Did the Internet Save Marriage?

A new study finds broadband access leads to higher marriage rates. But whether the Web is making our marriages better, we can't say.
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Twitter is making us weird, and gaming is making us anti-social, and Facebook is making us lonely, so it couldn't possibly be the case this ineffable and unwieldy force called Internet could be leading to more marriages. Right?

Actually, that's precisely the conclusion from Andriana Bellou's new paper, "The Impact of Internet Diffusion on Marriage Rates: Evidence from the Broadband Market." Bellou doesn't just find a correlation between broadband adoption and rising marriage rates. She also finds that marriage rates among twentysomethings rose significantly in areas after broadband became available, suggesting a causal link.

Skeptical? So was I. Broadband access has been growing across the country for the last 20 years. Marriages, meanwhile, have been in decline. The century-long story on marriage rates, via Betsey Stevenson and Justin Wolfers, conclusively shows marriage rates (in the light purple) declining since the 1970s.

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Bellou herself finds young twentysomethings less likely to marry in 2000 than they were in 1980, or '85, or '90, or '95. Here's that graph:

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Furthermore, if high-income areas are more likely to have broadband access anyway, that could skew the results toward their conclusion. High-income women are the *only* group of women likely to be married today than they were in the 1970s, according to the Hamilton Project.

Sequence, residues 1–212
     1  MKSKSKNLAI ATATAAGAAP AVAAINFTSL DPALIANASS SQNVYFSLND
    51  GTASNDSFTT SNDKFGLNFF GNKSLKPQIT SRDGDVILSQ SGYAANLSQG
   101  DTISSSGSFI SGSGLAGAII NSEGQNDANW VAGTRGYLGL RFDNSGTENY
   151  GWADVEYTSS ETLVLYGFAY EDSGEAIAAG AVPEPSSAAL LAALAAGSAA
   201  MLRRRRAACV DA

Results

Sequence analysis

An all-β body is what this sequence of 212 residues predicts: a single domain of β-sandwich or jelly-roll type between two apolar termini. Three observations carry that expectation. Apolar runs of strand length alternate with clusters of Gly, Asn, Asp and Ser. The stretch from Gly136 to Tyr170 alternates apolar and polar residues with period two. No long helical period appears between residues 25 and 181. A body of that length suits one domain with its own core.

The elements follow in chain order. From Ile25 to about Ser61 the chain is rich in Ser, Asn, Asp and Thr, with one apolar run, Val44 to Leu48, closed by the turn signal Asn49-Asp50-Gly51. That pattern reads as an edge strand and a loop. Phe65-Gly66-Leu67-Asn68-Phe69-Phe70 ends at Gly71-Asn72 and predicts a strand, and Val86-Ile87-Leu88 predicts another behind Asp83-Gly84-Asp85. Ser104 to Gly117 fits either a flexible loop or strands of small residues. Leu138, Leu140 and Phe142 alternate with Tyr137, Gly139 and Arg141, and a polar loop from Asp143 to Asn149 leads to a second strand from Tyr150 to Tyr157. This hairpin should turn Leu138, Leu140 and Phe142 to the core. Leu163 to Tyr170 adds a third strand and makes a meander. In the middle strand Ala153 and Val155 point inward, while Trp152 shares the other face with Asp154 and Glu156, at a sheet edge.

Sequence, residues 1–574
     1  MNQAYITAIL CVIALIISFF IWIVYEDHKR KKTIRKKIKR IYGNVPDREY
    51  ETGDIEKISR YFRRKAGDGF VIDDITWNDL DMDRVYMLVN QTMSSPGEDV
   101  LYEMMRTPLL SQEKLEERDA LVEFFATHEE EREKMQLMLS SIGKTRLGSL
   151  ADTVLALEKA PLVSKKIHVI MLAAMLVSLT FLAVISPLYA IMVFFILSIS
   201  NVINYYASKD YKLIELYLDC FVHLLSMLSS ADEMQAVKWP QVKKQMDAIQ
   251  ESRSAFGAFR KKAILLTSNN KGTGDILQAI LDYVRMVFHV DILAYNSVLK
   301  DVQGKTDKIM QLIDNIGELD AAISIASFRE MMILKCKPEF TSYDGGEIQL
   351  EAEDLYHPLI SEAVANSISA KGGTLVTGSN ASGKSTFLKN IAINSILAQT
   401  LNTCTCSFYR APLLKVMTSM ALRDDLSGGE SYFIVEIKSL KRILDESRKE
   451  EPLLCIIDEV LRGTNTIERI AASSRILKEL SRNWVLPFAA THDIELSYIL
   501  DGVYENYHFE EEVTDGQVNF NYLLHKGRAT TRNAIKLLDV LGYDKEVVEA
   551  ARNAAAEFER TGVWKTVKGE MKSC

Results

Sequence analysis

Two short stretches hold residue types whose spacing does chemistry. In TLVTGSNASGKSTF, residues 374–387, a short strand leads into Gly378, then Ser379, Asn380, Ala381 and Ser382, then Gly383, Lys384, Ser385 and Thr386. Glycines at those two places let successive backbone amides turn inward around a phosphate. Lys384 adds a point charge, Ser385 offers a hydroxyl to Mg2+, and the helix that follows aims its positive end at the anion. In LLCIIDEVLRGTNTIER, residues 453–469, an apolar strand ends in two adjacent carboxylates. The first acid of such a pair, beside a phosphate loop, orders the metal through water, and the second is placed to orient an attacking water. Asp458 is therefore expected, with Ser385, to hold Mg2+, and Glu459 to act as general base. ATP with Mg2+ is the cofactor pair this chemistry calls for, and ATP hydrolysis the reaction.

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Still, Bellou finds that Internet expansion is clearly associated with increased marriage rates among twentysomething whites and among younger individuals other racial groups. Her graph shows "marriage rates grew on average more in states with greater increases in broadband penetration."

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There you have it. Even though there are fewer marriages per thousand and more broadband than ever, it is still somehow possible that expanded broadband could lead to more marriages, presumably by making it easier to find suitable singles on the Internet.

In a footnote, Bellou buries a fascinating thought. Does the Internet make the marriage market better, or just more efficient? There's a big difference!

If targeted search leads to matches of more compatible people, such matches will likely be more stable. However, if meeting people becomes easier at all times and ages so that a divorce seems less costly, then this could imply entering a marriage less thoughtfully to begin with. In the latter case, we might expect higher marriage rates (related to Internet expansion) but also higher incidence of divorce.

We don't yet know if the Internet's effect on marriages is to help us find The One Thing we're looking for (i.e.: the Google Effect) or if its ultimate gift is to make us more fully aware of our universe of options (i.e.: the YouTube Effect). Both could lead to more long-term happiness, I suppose. But the latter would lead to such happiness through an explosion in divorce rates. That alone would reverse a longish-term trend of its own: divorces per thousand people have also been falling for the last 30 years. The Internet might have saved marriage, but the Web has plenty of time to destroy it, too.

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Derek Thompson is a senior editor at The Atlantic, where he writes about economics, labor markets, and the entertainment business.

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